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37 Benefit Equation Components Value of Lost F ruit The value of lost fruit is calculated as the dollar value of the anticipated yield reduction on next years Valencia crop from mechanicall y harvesting this years crop without abscission. The value of lost fruit is estimated by: 1) percent yield reduction in next years crop, 2) forecasted quantity of next years late season fruit and 3) forecasted on -tree fruit price during next season. Th e calculated value of lost fruit was constrained by the area over which CMNP will be applied. All the data were tabulated and organized within an Excel spreadsheet. Averages, proportions, mean values and their respective confidence intervals were calculate d. Percentage y ield r eduction of l ate s eason Valencia from m echanical h arvesting For the purposes of this paper, late season Valencia is defined as oranges harvest ed after May 1. This definition corresponds to a field trial that was conducted in a commercial grove south of Immokalee from 20032005 during four harvest periods (earlyMay, mid May, early June, and mid June). Two years of yield impact data were collected during the trial and a description of the trial is reported in Roka et al. (2005). Treatments included both canopy and trunk shakers operating at three intensities and without abscission compound application Treatments were applied in the first and second year of the trial. In the second and third year of the trial, yield s were compared across all harvest dates and among mechanical ly harvest ed and handpicked control plots Results from this trial are summarized in Figure 3 1. Significant production losses in 2004 were attributable to the mechanical harvesting treatments applied during 2003. Losses increased from 15% for early May harvest date to nearly 50% for the mid June harvest date. In 2005, however, yield reductions resulting from mechanical harvesti ng during the two May 2004 harvest dates were not significantly different from hand harvested plots. Yields from trees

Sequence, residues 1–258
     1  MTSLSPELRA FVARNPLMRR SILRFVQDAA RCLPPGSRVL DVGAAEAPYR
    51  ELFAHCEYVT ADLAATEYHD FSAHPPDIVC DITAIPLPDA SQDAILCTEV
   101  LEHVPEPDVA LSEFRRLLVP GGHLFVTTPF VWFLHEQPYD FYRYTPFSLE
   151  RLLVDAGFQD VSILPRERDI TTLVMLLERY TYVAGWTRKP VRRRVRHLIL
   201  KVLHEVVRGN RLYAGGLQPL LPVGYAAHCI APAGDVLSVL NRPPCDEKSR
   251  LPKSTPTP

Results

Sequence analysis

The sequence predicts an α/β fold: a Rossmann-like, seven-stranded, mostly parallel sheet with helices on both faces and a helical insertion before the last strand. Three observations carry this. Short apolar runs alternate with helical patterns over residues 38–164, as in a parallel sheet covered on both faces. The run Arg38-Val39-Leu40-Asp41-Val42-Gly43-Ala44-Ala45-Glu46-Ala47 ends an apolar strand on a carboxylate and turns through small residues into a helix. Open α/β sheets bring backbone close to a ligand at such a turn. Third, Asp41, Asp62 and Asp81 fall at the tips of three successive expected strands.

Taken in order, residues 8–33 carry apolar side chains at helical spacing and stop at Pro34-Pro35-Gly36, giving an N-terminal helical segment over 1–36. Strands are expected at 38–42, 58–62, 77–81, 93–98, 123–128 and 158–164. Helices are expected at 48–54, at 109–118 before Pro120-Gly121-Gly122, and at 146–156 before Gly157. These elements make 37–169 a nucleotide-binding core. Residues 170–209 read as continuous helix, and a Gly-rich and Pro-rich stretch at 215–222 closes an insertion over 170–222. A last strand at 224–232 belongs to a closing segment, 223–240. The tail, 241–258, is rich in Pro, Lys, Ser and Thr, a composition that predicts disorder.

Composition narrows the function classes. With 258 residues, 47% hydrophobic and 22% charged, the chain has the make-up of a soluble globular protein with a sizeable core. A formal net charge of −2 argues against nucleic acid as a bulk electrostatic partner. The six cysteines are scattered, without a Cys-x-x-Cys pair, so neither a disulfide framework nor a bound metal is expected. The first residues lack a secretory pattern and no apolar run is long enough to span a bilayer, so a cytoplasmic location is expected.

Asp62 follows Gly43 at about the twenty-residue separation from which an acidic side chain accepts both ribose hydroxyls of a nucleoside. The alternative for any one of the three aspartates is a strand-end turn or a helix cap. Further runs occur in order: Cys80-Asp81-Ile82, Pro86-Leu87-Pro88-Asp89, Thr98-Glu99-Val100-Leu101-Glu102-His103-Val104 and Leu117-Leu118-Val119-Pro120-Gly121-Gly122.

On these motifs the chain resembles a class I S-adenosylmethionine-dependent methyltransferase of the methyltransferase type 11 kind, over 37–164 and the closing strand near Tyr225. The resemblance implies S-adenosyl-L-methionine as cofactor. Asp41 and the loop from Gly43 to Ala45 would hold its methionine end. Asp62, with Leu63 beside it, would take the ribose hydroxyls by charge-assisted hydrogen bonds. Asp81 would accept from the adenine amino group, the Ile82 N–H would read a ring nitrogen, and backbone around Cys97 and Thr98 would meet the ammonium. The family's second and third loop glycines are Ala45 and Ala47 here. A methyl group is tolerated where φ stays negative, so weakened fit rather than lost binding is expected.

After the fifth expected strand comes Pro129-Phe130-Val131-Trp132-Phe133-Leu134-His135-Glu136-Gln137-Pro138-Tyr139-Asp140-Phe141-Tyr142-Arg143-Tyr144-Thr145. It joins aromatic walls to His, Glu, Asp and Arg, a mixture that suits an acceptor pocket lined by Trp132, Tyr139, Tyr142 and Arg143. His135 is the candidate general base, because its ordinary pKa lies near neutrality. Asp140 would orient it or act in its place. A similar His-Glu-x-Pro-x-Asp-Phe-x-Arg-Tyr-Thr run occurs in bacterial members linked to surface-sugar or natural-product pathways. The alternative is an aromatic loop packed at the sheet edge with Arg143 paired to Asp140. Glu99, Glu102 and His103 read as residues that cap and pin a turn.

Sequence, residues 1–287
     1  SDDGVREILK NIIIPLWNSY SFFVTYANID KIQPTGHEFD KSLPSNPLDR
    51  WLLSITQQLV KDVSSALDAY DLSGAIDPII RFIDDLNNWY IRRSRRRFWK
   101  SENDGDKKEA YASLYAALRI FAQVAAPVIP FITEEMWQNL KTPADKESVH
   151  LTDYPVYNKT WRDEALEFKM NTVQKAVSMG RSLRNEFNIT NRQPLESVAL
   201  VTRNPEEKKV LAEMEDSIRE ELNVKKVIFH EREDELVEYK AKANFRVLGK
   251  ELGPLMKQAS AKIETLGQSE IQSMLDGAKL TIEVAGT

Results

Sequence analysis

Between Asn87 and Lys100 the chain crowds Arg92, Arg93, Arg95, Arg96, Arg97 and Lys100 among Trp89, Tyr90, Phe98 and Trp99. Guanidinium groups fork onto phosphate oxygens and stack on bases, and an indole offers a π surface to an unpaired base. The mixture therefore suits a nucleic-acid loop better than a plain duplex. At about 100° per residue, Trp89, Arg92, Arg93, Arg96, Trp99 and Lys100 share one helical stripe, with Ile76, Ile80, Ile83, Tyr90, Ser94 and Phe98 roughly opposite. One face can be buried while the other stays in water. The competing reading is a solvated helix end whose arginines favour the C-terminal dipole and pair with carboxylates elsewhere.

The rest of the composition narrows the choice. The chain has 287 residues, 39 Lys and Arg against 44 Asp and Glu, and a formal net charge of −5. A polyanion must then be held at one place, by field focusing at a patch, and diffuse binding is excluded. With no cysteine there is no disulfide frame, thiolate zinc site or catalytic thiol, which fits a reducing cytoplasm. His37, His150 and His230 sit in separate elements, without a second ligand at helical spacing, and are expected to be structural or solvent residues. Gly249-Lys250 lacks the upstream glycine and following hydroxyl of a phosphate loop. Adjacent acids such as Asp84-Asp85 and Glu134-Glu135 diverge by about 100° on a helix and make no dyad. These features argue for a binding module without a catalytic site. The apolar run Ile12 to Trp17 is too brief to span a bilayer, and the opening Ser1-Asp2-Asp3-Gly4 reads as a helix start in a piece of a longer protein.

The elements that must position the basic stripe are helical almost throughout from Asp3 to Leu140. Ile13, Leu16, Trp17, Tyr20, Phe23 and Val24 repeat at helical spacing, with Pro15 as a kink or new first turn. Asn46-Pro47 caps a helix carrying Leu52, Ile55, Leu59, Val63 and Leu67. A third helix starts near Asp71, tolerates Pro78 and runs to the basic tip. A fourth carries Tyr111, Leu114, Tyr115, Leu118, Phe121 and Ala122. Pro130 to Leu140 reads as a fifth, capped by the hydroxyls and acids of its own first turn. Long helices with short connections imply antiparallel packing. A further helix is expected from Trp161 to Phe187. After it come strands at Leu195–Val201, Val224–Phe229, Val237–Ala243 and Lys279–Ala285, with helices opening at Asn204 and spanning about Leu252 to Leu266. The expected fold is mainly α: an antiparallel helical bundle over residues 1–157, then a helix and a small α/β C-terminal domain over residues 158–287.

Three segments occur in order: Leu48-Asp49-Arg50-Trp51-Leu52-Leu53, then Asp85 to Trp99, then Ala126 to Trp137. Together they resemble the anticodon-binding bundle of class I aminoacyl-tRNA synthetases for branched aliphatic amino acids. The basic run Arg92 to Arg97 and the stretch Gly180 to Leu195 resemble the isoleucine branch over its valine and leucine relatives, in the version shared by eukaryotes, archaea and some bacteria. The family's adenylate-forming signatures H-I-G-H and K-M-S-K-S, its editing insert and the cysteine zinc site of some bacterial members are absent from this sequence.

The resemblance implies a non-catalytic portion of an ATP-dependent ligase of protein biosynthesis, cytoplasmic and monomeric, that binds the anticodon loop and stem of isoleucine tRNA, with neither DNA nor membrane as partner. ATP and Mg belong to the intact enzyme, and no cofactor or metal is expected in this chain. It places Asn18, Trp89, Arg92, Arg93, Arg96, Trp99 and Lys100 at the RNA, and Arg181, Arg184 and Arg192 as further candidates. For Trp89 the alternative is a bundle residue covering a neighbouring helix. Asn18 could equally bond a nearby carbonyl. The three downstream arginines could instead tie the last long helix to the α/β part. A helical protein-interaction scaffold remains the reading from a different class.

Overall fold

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38 mechanically harvested during early and mid June 2004 were 15 and 20 percent lower than hand harvested plots. Two cost/benefit scenarios are developed around these results. A high loss scenario (H%) assumes that yield reductions occur at each harvest date, starting with a 15 % yield reduction from an early May harvest and increasing to 20 % 45% and 50 % for late May, early June, and mid June dates, respectively. A low loss scenario (L%) assumes no yield reductions during the May harvest dates. Yield reductions of 15% and 20% occur for the early and mid June harvest dates, respectively Late s eason Valencia by h arvest d ate The expected quantities of Valencia oranges harvested during the four late -season dates were estimated by analyzing the historical proportion of the total Florida orange crop that represents processed Valencia oranges, and then determining the proporti on of Valencia production harvested in early May, mid May, early June, and mid June. The harvest date percentages were used to apportion forecasted Valencia production between 2008 and 2018 by the four late season harvest dates. The percentage of tota l Valencia processed boxes harvested during a typical year was estimated using the historical FASS data from 1985 86 through 200506 (Table 3 2). On average Valencia oranges for the processed market represent 40.74% of the total orange crop in Florida. A 95% confidence interval reflects a lower and upper bound of 39.31% and 42.17%, respectively. Table 3 3 utilizes historical data from crop years 198586 through 200506 to estimate the proportion of Valencia oranges that have been harvested by early M ay, mid May, early June, and mid June (Florida Agricultural Statistics Service (FASS)). Figure 3 2 presents the mean value and the 95% confidence interval for these proportions. On average 43.50% of total